Eradication will be done by licensed contractors under park supervision.
The parkland on St. John is home to about 770 species of plants and trees. Dan Clark, a supervisory exotic plant specialist with the NPS, is on a three-year assignment in the Virgin Islands. Although 150 of those species are non-native, he said, "less than 10 percent are aggressively invasive."
One of the aggressive species, guinea grass, was the culprit when the 2002 V.I. Carnival fireworks set fire to Hassel Island. Much of the land on the small island, which sits in the St. Thomas harbor, is part of the V.I. National Park.
Some of the "aggressively invasive" plants will be on the eradication list park officials will develop after hearing what the public has to say.
Although the park placed advertisements in local media to announce the meeting, the public was in short supply for Monday's gathering. Three visiting academics and one St. John resident, Pam Gaffin, showed up.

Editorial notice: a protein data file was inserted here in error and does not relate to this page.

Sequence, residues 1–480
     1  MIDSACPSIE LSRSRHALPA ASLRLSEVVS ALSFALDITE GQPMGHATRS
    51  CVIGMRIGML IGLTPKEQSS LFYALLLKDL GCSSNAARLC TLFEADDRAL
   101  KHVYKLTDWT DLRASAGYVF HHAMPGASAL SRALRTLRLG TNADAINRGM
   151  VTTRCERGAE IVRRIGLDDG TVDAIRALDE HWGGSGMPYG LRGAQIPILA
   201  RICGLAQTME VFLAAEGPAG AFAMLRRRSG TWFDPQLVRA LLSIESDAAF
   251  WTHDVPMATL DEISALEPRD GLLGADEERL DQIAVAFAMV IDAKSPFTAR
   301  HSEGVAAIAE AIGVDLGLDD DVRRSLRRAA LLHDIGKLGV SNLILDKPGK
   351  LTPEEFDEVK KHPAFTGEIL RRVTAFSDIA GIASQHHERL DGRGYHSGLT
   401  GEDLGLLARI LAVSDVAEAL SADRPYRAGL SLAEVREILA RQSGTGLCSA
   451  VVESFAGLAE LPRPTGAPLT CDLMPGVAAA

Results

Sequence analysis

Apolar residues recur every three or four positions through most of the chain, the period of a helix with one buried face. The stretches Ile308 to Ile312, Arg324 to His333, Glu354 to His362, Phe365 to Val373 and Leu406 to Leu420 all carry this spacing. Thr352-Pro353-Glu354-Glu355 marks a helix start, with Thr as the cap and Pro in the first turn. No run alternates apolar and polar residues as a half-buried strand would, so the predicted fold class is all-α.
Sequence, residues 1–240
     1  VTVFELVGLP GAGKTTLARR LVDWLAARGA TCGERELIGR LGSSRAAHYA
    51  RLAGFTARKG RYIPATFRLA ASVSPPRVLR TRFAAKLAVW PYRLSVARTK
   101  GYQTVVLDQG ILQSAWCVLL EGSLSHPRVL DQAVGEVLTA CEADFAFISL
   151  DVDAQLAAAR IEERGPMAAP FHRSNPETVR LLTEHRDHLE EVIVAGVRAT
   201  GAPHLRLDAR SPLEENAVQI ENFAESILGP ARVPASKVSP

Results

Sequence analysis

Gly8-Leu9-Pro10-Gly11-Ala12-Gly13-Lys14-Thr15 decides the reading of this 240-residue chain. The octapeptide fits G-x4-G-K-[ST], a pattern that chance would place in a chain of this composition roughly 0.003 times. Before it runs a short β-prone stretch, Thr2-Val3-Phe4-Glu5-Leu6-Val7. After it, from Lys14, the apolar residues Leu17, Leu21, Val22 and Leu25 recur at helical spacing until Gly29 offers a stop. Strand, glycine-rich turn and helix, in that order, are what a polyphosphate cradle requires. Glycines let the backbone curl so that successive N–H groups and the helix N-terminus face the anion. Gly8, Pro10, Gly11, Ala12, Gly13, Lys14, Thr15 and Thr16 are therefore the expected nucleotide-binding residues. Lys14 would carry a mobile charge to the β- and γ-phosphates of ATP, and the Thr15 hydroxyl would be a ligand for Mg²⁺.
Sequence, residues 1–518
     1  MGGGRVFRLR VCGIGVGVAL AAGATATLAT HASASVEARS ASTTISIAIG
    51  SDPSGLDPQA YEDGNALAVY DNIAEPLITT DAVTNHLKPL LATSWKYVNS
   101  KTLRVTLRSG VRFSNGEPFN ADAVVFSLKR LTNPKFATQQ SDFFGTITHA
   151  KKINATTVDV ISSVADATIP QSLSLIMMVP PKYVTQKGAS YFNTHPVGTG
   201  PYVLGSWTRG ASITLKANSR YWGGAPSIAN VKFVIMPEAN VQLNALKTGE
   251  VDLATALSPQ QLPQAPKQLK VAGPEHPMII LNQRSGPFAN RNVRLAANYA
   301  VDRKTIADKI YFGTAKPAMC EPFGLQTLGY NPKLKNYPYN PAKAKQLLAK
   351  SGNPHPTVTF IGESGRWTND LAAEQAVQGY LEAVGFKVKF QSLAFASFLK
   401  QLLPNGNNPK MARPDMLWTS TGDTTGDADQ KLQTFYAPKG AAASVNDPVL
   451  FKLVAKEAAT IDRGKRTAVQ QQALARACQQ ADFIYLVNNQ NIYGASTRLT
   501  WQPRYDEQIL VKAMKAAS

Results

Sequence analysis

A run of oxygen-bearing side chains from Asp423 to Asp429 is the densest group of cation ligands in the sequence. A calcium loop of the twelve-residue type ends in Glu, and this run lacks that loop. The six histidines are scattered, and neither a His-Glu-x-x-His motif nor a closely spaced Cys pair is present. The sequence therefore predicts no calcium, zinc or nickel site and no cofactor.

Gaffin had plenty to say. "I don't trust you guys," she said, charging that park officials ignore the community when they make decisions.
Boulon acknowledged that there have been such problems in the past, but he said a national directive now mandates community input.
Park officials will hold three additional meetings on the non-native plants issue, all involving their impact at park holdings on St. Croix:
- Tuesday, 12:30 to 2:30 p.m. in Christiansted at the park's Old Post Office building.
- Tuesday, 5:30 to 7:30 p.m. at the St. Croix Yacht Club.
- Wednesday, 5:30 to 7:30 p.m. at St. George Village Botanical Garden outside Frederiksted.

Back Talk


Share your reaction to this news with other Source readers. Please include headline, your name, and the city and state/country or island where you reside.

Publisher's note : Like the St. Thomas Source now? Find out how you can love us twice as much -- and show your support for the islands' free and independent news voice ... click here.